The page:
S u c c e s s S t o r i e s HISTORIC SCHOOLS Sidney Pratt School and Community Education Center Minneapolis, Minnesota The Sidney Pratt School and Community Education Center is a prominent building in the Prospect Park community of Minneapolis, Minnesota. The school however stood vacant since the early 1980 9s, and was slated for demolition. A group of local activists recognized the school 9s importance and persuaded the School Board to undertake reinvestment initiatives.
As a result, the Sidney Pratt School and Community Education Center once again plays an integral part in the community. The Sidney Pratt School was built in 1898, with additions made in 1906 and again in 1926. The school was closed in 1982 as part of a system-wide restructuring of Minneapolis 9 schools.
At this closing, Pratt was the oldest building in the system and was a candidate for demolition and site divestiture. A group of local activists formed the nonprofit Pratt Council, which ultimately partnered with the City of Minneapolis Neighborhood Revitalization Program to pursue rehab of the school. Eighteen years after the school closed, and following the addition of an elevator, roof and window replacement, a cleaned building envelope and newly ... more. less.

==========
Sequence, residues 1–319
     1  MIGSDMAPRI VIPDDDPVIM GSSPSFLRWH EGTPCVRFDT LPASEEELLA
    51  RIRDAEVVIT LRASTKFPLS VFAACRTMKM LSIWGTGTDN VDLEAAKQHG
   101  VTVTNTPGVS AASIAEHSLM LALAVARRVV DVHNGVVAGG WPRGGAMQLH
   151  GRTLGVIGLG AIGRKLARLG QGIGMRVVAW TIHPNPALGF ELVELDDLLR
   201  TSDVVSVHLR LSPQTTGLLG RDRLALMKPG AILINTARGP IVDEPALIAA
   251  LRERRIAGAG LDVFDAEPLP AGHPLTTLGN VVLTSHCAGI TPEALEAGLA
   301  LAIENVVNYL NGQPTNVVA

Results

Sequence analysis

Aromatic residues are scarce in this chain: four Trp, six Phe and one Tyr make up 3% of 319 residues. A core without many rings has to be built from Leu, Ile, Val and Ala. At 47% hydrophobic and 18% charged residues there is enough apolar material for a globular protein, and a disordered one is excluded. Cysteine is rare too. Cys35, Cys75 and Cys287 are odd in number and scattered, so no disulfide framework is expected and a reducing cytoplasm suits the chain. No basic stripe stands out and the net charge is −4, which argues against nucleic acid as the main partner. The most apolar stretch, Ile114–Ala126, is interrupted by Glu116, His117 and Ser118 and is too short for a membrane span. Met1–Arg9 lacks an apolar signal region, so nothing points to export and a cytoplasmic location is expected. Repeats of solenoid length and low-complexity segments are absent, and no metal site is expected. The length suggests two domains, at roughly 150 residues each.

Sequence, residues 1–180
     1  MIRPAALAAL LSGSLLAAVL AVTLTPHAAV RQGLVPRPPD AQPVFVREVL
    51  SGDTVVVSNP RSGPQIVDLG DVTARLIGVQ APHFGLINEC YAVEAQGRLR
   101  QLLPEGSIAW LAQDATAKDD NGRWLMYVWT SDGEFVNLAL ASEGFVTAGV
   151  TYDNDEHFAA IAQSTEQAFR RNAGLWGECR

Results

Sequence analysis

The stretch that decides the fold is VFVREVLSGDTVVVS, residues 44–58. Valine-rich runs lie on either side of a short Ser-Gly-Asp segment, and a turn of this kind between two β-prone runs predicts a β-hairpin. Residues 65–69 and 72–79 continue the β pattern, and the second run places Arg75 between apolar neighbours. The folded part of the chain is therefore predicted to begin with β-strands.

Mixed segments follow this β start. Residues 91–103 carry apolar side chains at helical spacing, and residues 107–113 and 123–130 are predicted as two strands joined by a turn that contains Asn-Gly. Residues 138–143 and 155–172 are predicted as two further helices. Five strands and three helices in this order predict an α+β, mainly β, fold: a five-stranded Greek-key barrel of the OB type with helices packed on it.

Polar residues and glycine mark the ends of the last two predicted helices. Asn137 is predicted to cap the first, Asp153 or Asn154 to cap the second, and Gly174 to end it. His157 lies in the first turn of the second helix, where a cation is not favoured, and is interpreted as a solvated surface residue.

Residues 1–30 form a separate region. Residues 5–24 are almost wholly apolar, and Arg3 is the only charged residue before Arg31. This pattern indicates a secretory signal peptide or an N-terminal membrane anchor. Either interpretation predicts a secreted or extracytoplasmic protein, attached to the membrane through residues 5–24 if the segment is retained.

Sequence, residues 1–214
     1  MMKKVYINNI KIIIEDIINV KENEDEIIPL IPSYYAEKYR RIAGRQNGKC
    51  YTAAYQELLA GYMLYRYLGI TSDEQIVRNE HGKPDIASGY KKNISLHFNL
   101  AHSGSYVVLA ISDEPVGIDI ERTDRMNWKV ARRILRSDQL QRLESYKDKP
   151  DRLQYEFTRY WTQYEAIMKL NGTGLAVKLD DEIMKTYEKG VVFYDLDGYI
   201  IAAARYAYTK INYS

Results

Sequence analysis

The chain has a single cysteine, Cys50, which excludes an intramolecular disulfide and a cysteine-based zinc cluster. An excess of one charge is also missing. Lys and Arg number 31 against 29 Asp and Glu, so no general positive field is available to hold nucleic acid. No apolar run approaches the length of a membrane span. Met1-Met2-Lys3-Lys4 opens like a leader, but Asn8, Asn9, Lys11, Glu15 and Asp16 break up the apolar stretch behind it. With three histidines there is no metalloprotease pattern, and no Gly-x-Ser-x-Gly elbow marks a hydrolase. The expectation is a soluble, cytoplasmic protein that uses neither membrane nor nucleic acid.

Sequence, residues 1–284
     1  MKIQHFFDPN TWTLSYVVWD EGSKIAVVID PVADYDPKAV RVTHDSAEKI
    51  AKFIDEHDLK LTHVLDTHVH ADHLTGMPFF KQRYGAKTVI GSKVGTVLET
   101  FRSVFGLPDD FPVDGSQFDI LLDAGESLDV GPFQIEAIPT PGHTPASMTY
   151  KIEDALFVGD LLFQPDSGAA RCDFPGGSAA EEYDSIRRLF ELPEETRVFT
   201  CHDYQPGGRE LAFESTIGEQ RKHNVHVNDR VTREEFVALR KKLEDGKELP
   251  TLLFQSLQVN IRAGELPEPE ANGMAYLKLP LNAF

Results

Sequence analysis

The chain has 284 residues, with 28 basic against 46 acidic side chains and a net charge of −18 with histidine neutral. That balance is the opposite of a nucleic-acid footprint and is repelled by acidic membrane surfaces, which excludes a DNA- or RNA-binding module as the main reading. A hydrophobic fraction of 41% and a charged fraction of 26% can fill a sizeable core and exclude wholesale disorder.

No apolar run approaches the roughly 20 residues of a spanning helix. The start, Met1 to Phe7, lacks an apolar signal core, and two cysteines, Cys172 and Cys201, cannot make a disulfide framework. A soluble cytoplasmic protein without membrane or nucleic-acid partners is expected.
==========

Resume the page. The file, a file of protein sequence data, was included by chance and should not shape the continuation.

paved parking lot, the surrounding neighborhood of Prospect Park regained its public school.<br><br> Today, Sidney Pratt School and Community Education Center serves a socio-economically diverse neighborhood, which includes public housing as well as faculty and staff members of the University of Minnesota. The City of Minneapolis has undertaken a mission to retain city residency and promote urban living via the preservation and modernization of historic neighborhood schools. The renovation of the Sidney Pratt School and Community Education Center has prompted a significant increase in Prospect Park real estate and provides the neighborhood with a state-of-the-art educational facility.<br><br> For more information about the National Trust 9s historic neighborhood schools initiative, contact: Western Office ( AK, AZ, CA, HI, ID, NV, OR, WA): Mike Buhler, 415-956-0610 Mountains/Plains Office (CO, KS, MT, NE, ND, SD, UT, WY): John Mitterholzer, 303-623-1504 Midwest Office (IL, IN, IA, MI, MN, MO, OH, WI): Royce Yeater, 312-939-5547 Southwest Office (AR, NM, OK, TX): Megan Brown, 817-332-4398 Southern Office (AL, FL, GA, KY, LA, MS, NC, PR, SC, TN, VI): Mary Ruffin Hanbury, 843-722-8552 Southern Field Office (DC, MD, VA, WV): Rob Nieweg, 202-588-6107 Northeast Field Office (DE, NJ, PA): Adrian Fine, 215-848-8033 Northeast Office (CT, MA, ME, NH, NY, RI, VT): Marilyn Fenollosa, 617-523-0885 2 Historic Schools Success Stories School Administrators Ms. Ellen Murphey Pratt Council Principal 66 Malcolm Avenue, S.E. Minneapolis, Minnesota 55414 612.668.1210 612.668.1110 (fax) email@example.com Mr.<br><br> Bruce Graff Pratt Council Building Director 66 Malcolm Avenue, S.E. Minneapolis, Minnesota 55414 612.668.1122 612.668.1110 (fax) firstname.lastname@example.org No website available Ms. Mary Alice Kopf Pratt Council President 66 Malcolm Avenue, S.E.<br><br> Minneapolis, Minnesota 55414 612.379.7436 612.668.1110 (fax) email@example.com No website available Description of Project Project Address: 66 Malcolm Avenue, S.E., Minneapolis, Minnesota 55414 Status: Local, state, national designation: While the school does not have historic designation status, an adjacent water tower was deemed a historic landmark. Architect: The school 9s architect, Mr. Lambureaux, was the French son-in-law of the Town 9s Mayor/Superintendent at the time of the building 9s construction.<br><br> Date of construction: The school 9s construction in 1898 was prompted by neighborhood residents, who were concerned for the safety of children travelling nearly a mile to the closest school (Motley School). Date of renovation: The school reopened in the Fall of 2000. Date of previous renovation: Six additional classrooms were added in 1906.<br><br> In 1926, a three-story structure was added to the north side of Sidney Pratt School and Community Education Center Use (The school is exclusively for kindergarten, first and second grade students. A third grade level will be added soon.) Size: Approximately 40,000-50,000 square feet (57 students) Student/teacher ratio: 10:1 Alternative uses: The school provides Adult Basic Education classes, including English as a Second Language. The school also serves as a venue for community activities, including a youth center, senior programs, block nurse programs, early childhood family education, Americorps and community council meetings.<br><br> Location Historic district: The Sidney Pratt School and Community Education Center is located in Prospect Park, one of the oldest residential communities in Minneapolis. This middle class neighborhood is located at the geographic center of the Twin Cities metropolitan area. The Prospect Park East River Road Improvement Association is in the process of seeking historic neighborhood designation status.<br><br> Walking distance: Bussing vs. walking: While most students walk to school, inclement weather is an impediment. The number of students that walk rather than rely on bus transportation is growing significantly.<br><br> Cost Total renovation cost: Approximately $1.2 million. Per square feet: Approximately $26.66 Per student: Approximately $21,052.00 Source of funding Local: The City of Minneapolis funded a Neighborhood Revitalization Program (NRP), which paid for a portion of the rehabilitation work. This unique funding program provides greater financial assistance to less stable neighborhoods.<br><br> In this case, the Sidney Pratt School and Community Education Center will receive $3.5 million over a five-year period. State: A portion of state taxes help fund the NRP. Federal: No Private: Private fundraising from businesses and private citizens also helped pay for the rehabilitation effort.<br><br> Tax credits: No Cost estimates for new school construction: Information not available. Problems and/or Threats Close the school building: Following a broad restructuring of the City 9s school buildings, The Sidney Pratt School was closed in 1982. At this time, the community center remained open to the public, however since it was the oldest building in the school system, it became a candidate for demolition.<br><br> Raze existing building in order to build a new facility: See above. Policies promoting the construction of school sprawl in outlying areas: The School District utilizes population growth patterns in determining the location of new public school buildings. Budget and enrollment issues are instrumental in closing historic neighborhood schools.<br><br> Acreage standards: No State funding biases: No Inadequate government funding: No Acceptance of donated sites for new school construction: No Inflated school renovation cost estimates: Poor or bad renovation job: No Resolution Strategies or state/local polices utilized to achieve success story: Pratt Council, a nonprofit corporation comprised of local activists, were instrumental in generating community support, which ultimately persuaded the School District to preserve the old school building, a process that took five years. Renovation Success Undertakings The rehabilitation initiative included refurbishing the building 9s exterior, replacing the roof and windows and building a new performance amphitheater. Historic features, such as an Art Deco style tiled drinking fountain, were preserved.<br><br> Classroom size and circulation: In order to accommodate a new elevator, several classrooms were reconfigured. State-of-the-art facility: The school has wiring for state-of-the-art computer systems. Contact Information & Project Details 3 Historic Schools Success Stories Computer technology: Each classroom has a computer with Internet and e-mail access.<br><br> The computer lab has between 25 and 30 computers. Meets education programmatic needs: Yes Building codes: Up-to-code Life safety codes Asbestos: In 1995, all existing asbestos was removed from the building. Fire safety: A new sprinkler system was added in the building 9s attic.<br><br> Air quality: Up-to-code Handicapped accessibility: A new elevator was installed to the building. Parking: The school has a newly paved parking lot. Portions of existing asphalt were removed in order to build a garden.<br><br> Playing fields: An existing parking lot was transformed into a park and playground. The cVillage Green Park d is located adjacent to the school. Awards Granted Achievements/Recognition: The school received a Neighborhood Revitalization Program Award from the Heritage Preservation Commission and the Minneapolis Chapter of American Institute of Architects.<br><br> Future Endeavors Maintenance plans: The school will eventually add a fourth and fifth grade level. Maintenance funding: Information not available Description of Outcome Community Response Neighborhood stability: The diverse community surrounding the school described the project as a clabor of love. d Safety: Not an issue. Community reinvestment: The City has undertaken a mission to retain city residency and promote urban living via the preservation and modernization of historic neighborhood schools.<br><br> The renovation of the Sidney Pratt School and Community Education Center has prompted a significant increase in Prospect Park real estate. Economic growth: No Community Benefits Students: Following the renovation initiative, the school 9s atmosphere has enhanced. Increased academic achievement: No information available.<br><br> Independence: No Teachers: The faculty members have responded in a very positive way. Parents: Parents of Sidney Pratt School students are very supportive of the school and volunteer with lunch and recess activities. Quotes cResidents of the neighborhood .<br><br> . . worked hard and turned it into a community education and activity center that served as a focal point for this increasingly diverse and isolated neighborhood. d 4Robert D.<br><br> Miller, Director of the Minneapolis Neighborhood Revitalization program Before and after: reconfigured entrance for ADA accessibility